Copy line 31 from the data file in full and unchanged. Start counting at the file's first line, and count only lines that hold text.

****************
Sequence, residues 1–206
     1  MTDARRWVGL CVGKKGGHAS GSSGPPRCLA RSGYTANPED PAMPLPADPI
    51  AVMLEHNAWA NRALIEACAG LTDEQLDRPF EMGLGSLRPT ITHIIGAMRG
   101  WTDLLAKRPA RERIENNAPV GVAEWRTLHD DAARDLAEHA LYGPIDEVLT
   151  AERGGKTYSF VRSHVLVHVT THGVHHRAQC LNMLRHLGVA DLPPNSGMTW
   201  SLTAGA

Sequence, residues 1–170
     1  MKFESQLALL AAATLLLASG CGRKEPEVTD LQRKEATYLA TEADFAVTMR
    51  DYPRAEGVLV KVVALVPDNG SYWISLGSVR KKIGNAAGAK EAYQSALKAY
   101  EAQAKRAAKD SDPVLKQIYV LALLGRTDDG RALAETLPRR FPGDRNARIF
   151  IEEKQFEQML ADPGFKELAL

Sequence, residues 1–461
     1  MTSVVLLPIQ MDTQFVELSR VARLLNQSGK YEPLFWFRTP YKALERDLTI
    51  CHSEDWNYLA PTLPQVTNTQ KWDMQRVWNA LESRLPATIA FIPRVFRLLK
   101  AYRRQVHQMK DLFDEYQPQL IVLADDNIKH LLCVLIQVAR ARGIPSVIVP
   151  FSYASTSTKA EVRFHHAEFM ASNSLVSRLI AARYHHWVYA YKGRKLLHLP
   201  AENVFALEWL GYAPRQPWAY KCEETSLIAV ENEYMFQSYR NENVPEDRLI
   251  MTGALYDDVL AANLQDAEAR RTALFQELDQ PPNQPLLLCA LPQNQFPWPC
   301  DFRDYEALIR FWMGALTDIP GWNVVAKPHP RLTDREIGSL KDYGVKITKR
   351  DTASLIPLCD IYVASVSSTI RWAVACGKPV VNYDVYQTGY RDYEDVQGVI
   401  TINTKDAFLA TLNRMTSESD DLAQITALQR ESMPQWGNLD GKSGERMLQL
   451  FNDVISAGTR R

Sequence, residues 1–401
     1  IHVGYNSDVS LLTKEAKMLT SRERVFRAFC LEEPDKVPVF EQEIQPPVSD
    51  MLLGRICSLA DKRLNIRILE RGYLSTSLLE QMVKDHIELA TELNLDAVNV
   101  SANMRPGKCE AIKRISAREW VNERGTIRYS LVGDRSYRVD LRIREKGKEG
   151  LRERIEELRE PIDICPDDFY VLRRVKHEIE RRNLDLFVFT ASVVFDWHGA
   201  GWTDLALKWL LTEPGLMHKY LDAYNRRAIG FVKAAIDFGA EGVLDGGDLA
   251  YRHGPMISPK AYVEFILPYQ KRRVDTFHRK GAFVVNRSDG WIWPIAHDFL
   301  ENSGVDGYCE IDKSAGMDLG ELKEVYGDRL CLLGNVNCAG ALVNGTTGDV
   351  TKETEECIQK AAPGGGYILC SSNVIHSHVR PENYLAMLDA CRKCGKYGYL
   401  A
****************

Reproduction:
   351  TKETEECIQK AAPGGGYILC SSNVIHSHVR PENYLAMLDA CRKCGKYGYL